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Study of bioactive proteins in the roots and root exudates of model plants


The plant root system serves many roles, including anchorage and uptake of nutrients and water. The ability of roots to release a wide range of organic and inorganic compounds into the rhizosphere to communicate with roots of other plants and other organisms has been the focus of recent studies. Among the compounds released into the rhizosphere, proteins comprise an important amount of energy secreted by roots but have not been studied in detail. In the present study, I conducted a proteomic and enzymatic analysis of Arabidopsis thaliana root exudation across a developmental gradient to track the changes that occur in the root-secreted proteins at different plant developmental stages. Further, I found that the secretion of proteins (including pathogenesis-related [PR] proteins, myrosinases, and enzymes related to protein refolding) was qualitatively and quantitatively related to the growth stage of the plant. For instance, the intensity and activity of PR proteins such as chitinases were higher at peak flowering times than at any other time during Arabidopsis development. I also studied the root secretion of proteins by two model plants (Medicago sativa and A. thaliana) during their interaction with the symbiont of one of these specks (Sinorhizobium meliloti) and with an opportunistic pathogen of A. thaliana (Pseudomonas syringae pv. tomato DC3000). I found that the early interactions between M.sativa and S. meliloti induced exudation of enzymes such as acid chitinases, thaumatin proteins, PR10 and PR1 proteins. However, these proteins were not induced when M. saliva was inoculated with P. syringae DC3000. In addition, I found that P. syringae DC3000 could differentially induce the secretion of proteins related to defense in A. thaliana, whereas S. meliloti did not provoke the same response. The final study of my dissertation focused on the activity of ribosome-inactivating proteins (RIPS, PC in Arabidopsis thaliana. Based on amino acid sequencing, it was determined that the purified RIP had homology to the mature form of a pectin methylesterase (PME, At1g11580); this purified protein showed PME activity. Further the A. thaliana full-length and mature PMF forms were cloned into the expression vector PQE30 and both constructs were expressed in Escherichia coli.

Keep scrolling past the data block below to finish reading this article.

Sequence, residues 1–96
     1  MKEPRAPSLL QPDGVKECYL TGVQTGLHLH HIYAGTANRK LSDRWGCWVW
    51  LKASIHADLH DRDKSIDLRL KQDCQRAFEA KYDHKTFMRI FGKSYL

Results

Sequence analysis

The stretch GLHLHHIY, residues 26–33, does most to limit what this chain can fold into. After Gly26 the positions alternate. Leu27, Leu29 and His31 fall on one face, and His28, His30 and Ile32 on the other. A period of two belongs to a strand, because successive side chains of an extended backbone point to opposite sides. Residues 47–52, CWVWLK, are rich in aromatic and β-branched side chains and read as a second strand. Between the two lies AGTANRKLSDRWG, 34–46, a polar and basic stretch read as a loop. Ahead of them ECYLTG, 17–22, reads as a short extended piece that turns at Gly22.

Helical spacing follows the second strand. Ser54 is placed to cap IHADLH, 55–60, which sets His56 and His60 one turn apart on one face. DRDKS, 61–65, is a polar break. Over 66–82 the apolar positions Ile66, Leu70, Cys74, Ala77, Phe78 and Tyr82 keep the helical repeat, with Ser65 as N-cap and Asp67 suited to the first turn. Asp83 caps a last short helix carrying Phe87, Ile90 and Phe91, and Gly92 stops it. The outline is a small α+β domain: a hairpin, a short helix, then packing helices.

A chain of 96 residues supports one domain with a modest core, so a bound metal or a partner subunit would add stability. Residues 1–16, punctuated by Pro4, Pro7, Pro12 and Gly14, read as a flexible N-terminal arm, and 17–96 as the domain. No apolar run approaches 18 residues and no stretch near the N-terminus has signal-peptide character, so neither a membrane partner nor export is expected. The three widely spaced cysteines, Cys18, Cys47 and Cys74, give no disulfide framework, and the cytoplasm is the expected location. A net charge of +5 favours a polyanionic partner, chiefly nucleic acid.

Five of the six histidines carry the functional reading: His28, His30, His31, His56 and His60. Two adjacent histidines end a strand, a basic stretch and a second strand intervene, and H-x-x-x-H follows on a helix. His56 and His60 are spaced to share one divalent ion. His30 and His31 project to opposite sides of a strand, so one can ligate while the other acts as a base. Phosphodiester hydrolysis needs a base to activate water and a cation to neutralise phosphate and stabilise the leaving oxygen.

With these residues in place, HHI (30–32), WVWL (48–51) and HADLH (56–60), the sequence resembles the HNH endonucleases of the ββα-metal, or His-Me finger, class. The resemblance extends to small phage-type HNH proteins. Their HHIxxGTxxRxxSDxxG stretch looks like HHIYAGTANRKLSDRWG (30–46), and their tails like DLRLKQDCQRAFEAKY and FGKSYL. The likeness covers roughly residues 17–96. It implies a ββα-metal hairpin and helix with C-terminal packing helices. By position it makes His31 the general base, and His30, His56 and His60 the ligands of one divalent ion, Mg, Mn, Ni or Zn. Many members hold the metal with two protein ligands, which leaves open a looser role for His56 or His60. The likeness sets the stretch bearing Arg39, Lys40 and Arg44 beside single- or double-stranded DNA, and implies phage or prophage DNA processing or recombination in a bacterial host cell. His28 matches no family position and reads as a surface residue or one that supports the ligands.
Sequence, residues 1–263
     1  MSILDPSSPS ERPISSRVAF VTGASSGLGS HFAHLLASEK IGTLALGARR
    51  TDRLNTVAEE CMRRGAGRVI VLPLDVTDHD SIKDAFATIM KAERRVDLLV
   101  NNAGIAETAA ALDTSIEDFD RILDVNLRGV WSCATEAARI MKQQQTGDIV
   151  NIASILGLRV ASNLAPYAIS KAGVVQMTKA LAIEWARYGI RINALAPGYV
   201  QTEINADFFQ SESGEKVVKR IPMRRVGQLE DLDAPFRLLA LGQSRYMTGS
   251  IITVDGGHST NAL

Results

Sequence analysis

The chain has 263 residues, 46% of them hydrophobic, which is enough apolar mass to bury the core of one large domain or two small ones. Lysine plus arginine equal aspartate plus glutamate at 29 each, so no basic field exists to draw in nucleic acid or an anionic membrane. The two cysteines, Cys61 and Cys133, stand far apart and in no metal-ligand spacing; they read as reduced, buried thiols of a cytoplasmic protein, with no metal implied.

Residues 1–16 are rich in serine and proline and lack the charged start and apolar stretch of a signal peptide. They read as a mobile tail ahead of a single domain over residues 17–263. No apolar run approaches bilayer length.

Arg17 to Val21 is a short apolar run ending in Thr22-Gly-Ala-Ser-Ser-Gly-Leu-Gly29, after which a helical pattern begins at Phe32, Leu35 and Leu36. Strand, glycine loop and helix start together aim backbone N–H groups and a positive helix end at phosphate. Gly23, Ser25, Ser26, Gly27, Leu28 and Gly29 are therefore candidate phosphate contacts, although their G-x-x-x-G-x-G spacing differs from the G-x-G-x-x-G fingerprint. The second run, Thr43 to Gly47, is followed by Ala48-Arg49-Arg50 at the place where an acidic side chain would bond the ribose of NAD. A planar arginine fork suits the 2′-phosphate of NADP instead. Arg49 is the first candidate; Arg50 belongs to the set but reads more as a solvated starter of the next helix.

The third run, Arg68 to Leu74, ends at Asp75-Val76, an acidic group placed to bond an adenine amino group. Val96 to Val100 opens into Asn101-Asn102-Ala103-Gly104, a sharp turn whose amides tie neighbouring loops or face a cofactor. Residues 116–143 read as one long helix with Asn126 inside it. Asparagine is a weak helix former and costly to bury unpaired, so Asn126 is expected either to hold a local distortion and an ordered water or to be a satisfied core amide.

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bioactive proteins
plant-microbe interaction
root exudates
plant sciences


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